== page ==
Once again, the Israeli electorate is facing propaganda that pits Netanyahu’s refined and brutal strategy against the violent “deterrence” promoted by Gantz. Yet, talk of a possible coalition only highlights how close both agendas are in terms of destroying Gaza.  Netanyahu has prepared the groundwork in terms of influencing the international community to turn a blind eye to Israel’s assaults on Gaza. A prospective Israeli government with Netanyahu and Gantz at the helm will build upon what Israel has so far accomplished in generating oblivion when it comes to Palestinians in Gaza.

After Gaza slaughter, Obama officials met with Israeli generals to counter ‘poisonous’ Goldstone Report and get ‘israeli (apartheid state) story out’

After Gaza slaughter, Obama officials met with Israeli generals to counter ‘poisonous’ Goldstone Report and get ‘Israeli story out’

Michael Posner

During those three weeks of horrifying images, President-elect Obama had nothing critical to say and Israel did him a favor in return: it ended the bombing/invasion two days before he was inaugurated.

Then in September 2009 the UN Human Rights Council issued a bombshell of its own, the Goldstone Report, which documented war crimes and possible crimes against humanity during the campaign, chiefly the Israeli pattern of deliberately striking civilian targets, including schools, mosques, homes, and a flour mill and a chicken farm.

The Obama administration worked to stymie the report at international bodies, and in the end the report went nowhere (defused by its author, Judge Richard Goldstone, who under huge pressure from his own community retracted the allegation that civilians were intentionally targeted).

The greatest impact the Goldstone report had was its first impression, on international opinion. Now a State Department cable has been leaked in which US diplomatic officials are shown to have met with seven Israeli generals over two days in January 2010 to discuss ways to counter the “poisonous” Goldstone Report.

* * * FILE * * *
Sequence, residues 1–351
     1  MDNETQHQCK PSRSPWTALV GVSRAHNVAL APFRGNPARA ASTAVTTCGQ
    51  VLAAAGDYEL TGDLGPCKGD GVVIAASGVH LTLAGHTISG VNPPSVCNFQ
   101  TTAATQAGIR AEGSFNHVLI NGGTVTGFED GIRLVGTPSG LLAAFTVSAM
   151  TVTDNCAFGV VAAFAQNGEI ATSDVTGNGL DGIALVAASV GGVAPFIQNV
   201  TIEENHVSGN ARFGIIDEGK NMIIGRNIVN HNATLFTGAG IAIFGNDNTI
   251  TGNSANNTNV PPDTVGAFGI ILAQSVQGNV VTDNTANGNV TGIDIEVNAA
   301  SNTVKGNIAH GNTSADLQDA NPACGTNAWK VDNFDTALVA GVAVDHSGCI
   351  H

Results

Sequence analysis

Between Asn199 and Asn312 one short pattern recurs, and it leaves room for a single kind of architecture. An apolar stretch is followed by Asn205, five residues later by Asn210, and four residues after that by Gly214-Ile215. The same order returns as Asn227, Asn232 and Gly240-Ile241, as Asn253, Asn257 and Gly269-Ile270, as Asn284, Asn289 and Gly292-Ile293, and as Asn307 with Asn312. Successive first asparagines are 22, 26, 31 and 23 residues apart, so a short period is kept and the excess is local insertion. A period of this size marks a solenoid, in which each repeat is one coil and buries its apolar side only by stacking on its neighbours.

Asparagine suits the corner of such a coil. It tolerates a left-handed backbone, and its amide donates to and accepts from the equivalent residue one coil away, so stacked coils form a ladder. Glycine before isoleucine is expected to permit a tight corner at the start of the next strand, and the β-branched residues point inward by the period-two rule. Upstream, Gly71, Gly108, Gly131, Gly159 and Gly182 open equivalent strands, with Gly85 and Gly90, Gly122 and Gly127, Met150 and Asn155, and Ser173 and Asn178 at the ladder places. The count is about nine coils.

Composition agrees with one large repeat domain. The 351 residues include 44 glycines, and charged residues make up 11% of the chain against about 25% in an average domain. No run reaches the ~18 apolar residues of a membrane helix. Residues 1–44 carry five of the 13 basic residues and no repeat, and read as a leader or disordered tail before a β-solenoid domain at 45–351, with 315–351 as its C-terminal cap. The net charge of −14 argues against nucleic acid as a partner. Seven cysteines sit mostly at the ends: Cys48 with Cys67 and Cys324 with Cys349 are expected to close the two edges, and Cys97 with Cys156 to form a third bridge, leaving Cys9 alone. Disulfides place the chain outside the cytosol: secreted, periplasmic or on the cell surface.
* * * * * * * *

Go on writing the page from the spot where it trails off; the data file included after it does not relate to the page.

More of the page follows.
The cable shows how closely Obama officials were working with alleged war criminals to counter Israel’s bad press and help Israel “tell its story” and show the “lessons learned” from the massacre.

“It shows how vulnerable Israel can be to public opinion,” Norman Finkelstein, the author of Gaza: An Inquest into its Martyrdom, writes to me. “It’s not been noticed that Israel ceased using white phosphorus after Cast Lead because of the bad p.r… They do worry about public opinion. That’s why I’m skeptical when people say, ‘Israel can do whatever it wants.’ Not true.”

Finkelstein also notes the role of an Obama aide as a general-whisperer: Michael Posner, then assistant secretary for democracy, human rights, and labor.

“[I]t’s telling that instead of advocating the indictment of Israel for its war crimes, as one might expect of the founder and president of Lawyers Committee for Human Rights [later Human Rights First], Posner counsels Israel how to evade prosecution.”

Indeed, throughout the cable, Israeli generals admit that mistakes were made and promise that there will be consequences. The American officials urge the Israelis to do independent investigations so as to salvage the country’s reputation. But there’s been nothing to show for that. Israel indicted three soldiers in connection with the massacre, and the longest sentence was for a soldier who stole a Palestinian’s credit card.

The Goldstone Report was in the news for two full years. And this meeting was as much of an accounting as the top Israeli brass ever got: discussions with a handful of American State Department officials who were concerned about the report’s conclusions, including Posner who had met with Goldstone. That was all. And they got off the hook!

Here are some excerpts from the cable, which was leaked by Wikileaks

It begins by saying that Posner and the US ambassador, James Cunningham, met with seven Israeli generals (Chief of staff Gabi Ashkenazi, Yoav Galant, Amir Eschel, Avishai Mandelblit, Yossi Heymann, Ido Yuval, and Yuval Halamish, a former general now heading the “Goldstone committee” for the army) and the Israelis promised there was going to be accountability!